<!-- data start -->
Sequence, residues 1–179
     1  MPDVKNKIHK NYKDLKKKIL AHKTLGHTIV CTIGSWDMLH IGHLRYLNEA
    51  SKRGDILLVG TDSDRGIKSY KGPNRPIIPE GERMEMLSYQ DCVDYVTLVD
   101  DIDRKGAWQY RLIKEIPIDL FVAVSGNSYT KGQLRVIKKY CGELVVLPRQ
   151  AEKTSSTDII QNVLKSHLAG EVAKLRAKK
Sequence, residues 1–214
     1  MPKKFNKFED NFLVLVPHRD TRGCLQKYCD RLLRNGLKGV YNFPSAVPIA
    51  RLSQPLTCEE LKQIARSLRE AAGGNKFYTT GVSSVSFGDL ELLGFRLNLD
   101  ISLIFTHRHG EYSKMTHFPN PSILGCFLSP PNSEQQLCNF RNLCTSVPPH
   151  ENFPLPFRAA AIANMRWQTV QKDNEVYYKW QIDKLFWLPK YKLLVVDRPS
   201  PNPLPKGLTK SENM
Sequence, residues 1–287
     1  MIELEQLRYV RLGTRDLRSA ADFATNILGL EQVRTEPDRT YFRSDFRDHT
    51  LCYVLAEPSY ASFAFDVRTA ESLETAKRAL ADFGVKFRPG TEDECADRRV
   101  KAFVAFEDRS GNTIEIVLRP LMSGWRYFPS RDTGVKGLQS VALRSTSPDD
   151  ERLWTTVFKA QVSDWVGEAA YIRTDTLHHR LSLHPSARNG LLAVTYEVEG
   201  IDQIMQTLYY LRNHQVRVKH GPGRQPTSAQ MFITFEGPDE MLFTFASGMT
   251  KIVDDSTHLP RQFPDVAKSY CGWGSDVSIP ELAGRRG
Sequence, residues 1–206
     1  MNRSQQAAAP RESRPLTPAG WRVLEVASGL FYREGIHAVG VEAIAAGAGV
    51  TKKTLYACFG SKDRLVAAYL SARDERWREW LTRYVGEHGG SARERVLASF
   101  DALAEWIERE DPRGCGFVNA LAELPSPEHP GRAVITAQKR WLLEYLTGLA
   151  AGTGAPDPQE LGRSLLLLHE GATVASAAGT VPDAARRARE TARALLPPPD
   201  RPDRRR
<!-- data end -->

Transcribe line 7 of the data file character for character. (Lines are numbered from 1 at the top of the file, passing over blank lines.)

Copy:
     1  MPKKFNKFED NFLVLVPHRD TRGCLQKYCD RLLRNGLKGV YNFPSAVPIA